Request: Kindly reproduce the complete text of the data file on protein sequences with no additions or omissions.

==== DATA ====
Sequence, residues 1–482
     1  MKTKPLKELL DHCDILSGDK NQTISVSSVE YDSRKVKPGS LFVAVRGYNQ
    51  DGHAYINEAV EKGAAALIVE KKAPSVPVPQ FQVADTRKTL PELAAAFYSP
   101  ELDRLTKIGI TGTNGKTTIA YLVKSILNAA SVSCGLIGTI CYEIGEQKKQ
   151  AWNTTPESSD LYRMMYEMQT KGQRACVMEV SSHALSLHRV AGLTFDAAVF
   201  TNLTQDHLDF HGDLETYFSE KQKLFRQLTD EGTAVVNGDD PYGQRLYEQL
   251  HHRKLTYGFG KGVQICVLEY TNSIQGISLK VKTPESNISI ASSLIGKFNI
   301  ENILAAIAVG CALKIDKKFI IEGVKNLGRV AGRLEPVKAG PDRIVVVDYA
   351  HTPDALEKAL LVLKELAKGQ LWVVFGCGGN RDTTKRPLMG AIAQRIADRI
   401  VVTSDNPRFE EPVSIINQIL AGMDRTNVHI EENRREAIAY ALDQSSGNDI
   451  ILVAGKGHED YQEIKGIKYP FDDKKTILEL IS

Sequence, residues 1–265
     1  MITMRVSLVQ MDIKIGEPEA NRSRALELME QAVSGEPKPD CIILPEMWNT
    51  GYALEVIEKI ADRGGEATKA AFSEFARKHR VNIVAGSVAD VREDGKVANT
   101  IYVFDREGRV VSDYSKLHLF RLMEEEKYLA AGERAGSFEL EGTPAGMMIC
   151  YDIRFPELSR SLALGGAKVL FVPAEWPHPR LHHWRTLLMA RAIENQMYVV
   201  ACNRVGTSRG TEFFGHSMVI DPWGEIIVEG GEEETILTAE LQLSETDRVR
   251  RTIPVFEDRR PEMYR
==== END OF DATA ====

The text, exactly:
Sequence, residues 1–482
     1  MKTKPLKELL DHCDILSGDK NQTISVSSVE YDSRKVKPGS LFVAVRGYNQ
    51  DGHAYINEAV EKGAAALIVE KKAPSVPVPQ FQVADTRKTL PELAAAFYSP
   101  ELDRLTKIGI TGTNGKTTIA YLVKSILNAA SVSCGLIGTI CYEIGEQKKQ
   151  AWNTTPESSD LYRMMYEMQT KGQRACVMEV SSHALSLHRV AGLTFDAAVF
   201  TNLTQDHLDF HGDLETYFSE KQKLFRQLTD EGTAVVNGDD PYGQRLYEQL
   251  HHRKLTYGFG KGVQICVLEY TNSIQGISLK VKTPESNISI ASSLIGKFNI
   301  ENILAAIAVG CALKIDKKFI IEGVKNLGRV AGRLEPVKAG PDRIVVVDYA
   351  HTPDALEKAL LVLKELAKGQ LWVVFGCGGN RDTTKRPLMG AIAQRIADRI
   401  VVTSDNPRFE EPVSIINQIL AGMDRTNVHI EENRREAIAY ALDQSSGNDI
   451  ILVAGKGHED YQEIKGIKYP FDDKKTILEL IS

Sequence, residues 1–265
     1  MITMRVSLVQ MDIKIGEPEA NRSRALELME QAVSGEPKPD CIILPEMWNT
    51  GYALEVIEKI ADRGGEATKA AFSEFARKHR VNIVAGSVAD VREDGKVANT
   101  IYVFDREGRV VSDYSKLHLF RLMEEEKYLA AGERAGSFEL EGTPAGMMIC
   151  YDIRFPELSR SLALGGAKVL FVPAEWPHPR LHHWRTLLMA RAIENQMYVV
   201  ACNRVGTSRG TEFFGHSMVI DPWGEIIVEG GEEETILTAE LQLSETDRVR
   251  RTIPVFEDRR PEMYR